81.37 ± 8.24

< 0.001

85.01 ± 9.93

81.78 ± 8.36

< 0.001

SBP (mmHg)

140.17 ± 20.08

139.14 ± 18.86

140.35 ± 19.82

0.62

139.77 ± 19.42

140.10 ± 19.88

0.769

DBP (mmHg)

82.55 ± 14.56a

84 ± 12.56

84.99 ± 14.0

0.03

83.33 ± 13.74

84.59 ± 13.83

0.105

FBG (mmol/L)

7.37 ± 2.64a#

5.56 ± 0.57a

5.07 ± 0.32

< 0.001

6.59 ± 2.21

5.15 ± 0.52

< 0.001

HbA1c (%)

6.87 ± 1.48a#

6.05 ± 0.15a

5.32 ± 0.14

< 0.001

6.60 ± 1.12

5.31 ± 0.17

< 0.001

Amino acids

Leu (μmol/L)

209.91 ± 43.72a

199.63 ± 41.61a

194.45 ± 39.95

< 0.001

205.25 ± 43.50

195.67 ± 39.72

< 0.001

Ile (μmol/L)

104.56 ± 21.53a

99.45 ± 21.85a

96.62 ± 23.10

< 0.001

102.22 ± 22.14

97.31 ± 22.48

< 0.001

Val (μmol/L)

282.72 ± 56.57a

267.00 ± 47.79a

260.33 ± 51.70

< 0.001

275.51 ± 53.19

262.13 ± 51.87

< 0.001

Total BCAAs (μmol/L)

597.19 ± 110.23a#

566.08 ± 99.08a

551.41 ± 103.50

< 0.001

582.98 ± 107.00

555.10 ± 102.76

< 0.001

Lipids

TG (mmol/L)

2.28 ± 1.64a#

2.04 ± 0.96a

1.79 ± 1.06

< 0.001

2.20 ± 1.40

1.79 ± 1.01

< 0.001

TC (mmol/L)

5.17 ± 0.93

5.25 ± 0.85a

5.09 ± 0.81

0.026

5.23 ± 0.90

5.07 ± 0.80

< 0.001

LDL-C (mmol/L)

2.73 ± 0.74#

2.82 ± 0.69a

2.67 ± 0.67

0.005

2.78 ± 0.73

2.67 ± 0.66

0.002

HDL-C (mmol/L)

1.29 ± 0.40a

1.33 ± 0.36a

1.47 ± 0.63

< 0.001

1.31 ± 0.37

1.44 ± 0.61

< 0.001

Metabolic dyslipidemia

N (%)

147 (32.6)a

119 (28.2)a

95 (21.7)

0.001

248 (31.4)

113 (21.7)

< 0.001

p-value: comparison among the three groups (left) or between the two groups (right); acomparison with NGT; #comparison with IGR. IGR: subjects with impaired glucose regulation (IFG: impaired fasting glucose + IGT: impaired glucose tolerance), NGT: subjects with normal glucose tolerance. BMI: body mass index. SBP: systolic blood pressure. DBP: diastolic blood pressure. FBG: fasting blood glucose. HbA1c: hemoglobin A1c. Leu: leucine. Ile: isoleucine. Val: valine. BCAAs: branched-chain amino acids. TG: triglyceride. TC: total cholesterol. HDL-C: high-density lipoprotein cholesterol. LDL-C: low-density lipoprotein cholesterol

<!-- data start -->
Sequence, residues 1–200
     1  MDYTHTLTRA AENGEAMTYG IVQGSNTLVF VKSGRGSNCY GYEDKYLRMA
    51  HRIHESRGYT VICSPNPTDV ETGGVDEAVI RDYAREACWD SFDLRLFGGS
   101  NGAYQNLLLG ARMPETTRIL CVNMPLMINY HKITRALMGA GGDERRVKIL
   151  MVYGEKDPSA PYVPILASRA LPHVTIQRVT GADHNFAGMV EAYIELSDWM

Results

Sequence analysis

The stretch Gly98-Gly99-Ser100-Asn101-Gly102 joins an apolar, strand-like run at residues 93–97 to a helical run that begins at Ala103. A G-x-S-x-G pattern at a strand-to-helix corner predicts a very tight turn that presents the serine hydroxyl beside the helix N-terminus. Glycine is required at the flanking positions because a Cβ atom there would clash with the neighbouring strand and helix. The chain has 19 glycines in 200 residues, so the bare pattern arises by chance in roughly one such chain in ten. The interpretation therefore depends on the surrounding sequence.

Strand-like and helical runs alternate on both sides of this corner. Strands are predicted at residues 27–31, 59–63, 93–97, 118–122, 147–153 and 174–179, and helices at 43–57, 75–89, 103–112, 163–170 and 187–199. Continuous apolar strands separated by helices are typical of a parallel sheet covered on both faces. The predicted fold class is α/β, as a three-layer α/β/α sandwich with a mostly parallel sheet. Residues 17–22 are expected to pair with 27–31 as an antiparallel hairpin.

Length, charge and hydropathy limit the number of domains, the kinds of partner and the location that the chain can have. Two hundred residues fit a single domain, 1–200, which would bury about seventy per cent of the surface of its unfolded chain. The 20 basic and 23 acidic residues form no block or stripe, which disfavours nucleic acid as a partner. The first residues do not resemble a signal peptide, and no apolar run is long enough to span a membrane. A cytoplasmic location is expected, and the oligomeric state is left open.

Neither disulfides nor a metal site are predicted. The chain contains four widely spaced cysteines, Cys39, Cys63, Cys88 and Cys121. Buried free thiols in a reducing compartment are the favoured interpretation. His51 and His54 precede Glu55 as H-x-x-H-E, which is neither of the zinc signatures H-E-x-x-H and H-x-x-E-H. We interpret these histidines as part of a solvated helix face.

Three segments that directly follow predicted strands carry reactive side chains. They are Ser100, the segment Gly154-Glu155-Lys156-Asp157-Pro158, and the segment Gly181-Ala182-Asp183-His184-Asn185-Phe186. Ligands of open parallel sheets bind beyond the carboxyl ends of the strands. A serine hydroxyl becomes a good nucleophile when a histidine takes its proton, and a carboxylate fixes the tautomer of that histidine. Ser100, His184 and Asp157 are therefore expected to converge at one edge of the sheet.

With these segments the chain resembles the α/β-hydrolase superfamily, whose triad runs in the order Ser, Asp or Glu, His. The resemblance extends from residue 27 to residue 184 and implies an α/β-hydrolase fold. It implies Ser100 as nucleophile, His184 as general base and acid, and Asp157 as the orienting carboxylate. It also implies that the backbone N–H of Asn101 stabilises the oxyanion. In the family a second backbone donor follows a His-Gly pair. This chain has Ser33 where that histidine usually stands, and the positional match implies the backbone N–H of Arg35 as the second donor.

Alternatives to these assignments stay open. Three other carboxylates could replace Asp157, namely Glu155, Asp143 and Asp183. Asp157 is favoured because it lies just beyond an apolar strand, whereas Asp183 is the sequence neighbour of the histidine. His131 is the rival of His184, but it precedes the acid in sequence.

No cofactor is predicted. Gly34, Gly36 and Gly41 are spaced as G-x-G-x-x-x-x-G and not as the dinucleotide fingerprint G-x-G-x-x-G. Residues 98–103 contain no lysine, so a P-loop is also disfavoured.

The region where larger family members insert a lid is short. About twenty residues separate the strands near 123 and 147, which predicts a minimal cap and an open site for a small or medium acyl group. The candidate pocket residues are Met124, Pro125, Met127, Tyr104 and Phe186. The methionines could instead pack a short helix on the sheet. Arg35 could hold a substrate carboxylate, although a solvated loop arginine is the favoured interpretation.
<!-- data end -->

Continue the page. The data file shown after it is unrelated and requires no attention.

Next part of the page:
Interestingly, the serum individual BCAA and total BCAAs levels were significantly elevated in DB group (Leu: 209.91 ± 43.72, p < 0.001, Ile: 104.56 ± 21.53, p < 0.001, Val 282.72 ± 56.57, p < 0.001, BCAAs: 597.19 ± 110.23, p < 0.001).

Elevated serum BCAAs was positively associated with TG and inversely associated with HDL-C

Serum BCAAs and lipids levels were examined in 1310 subjects. As seen in Table 2, serum Leu as well as Ile, Val and total BCAAs level all had a positive and significant correlation with serum TG level, even after adjustment of age, gender, BMI, SBP, DBP, FBG and smoking (Model 2 in Table 2). In contrast, total BCAAs and individual (Leu, Ile, Val) levels were negatively associated with HDL-C level even after adjustment for confounding factors listed above. Nevertheless, the link between serum total BCAAs and LDL-C or TC was not indicated in both two models. These results showed that BCAAs related to TG and HDL-C independently with fasting blood glucose.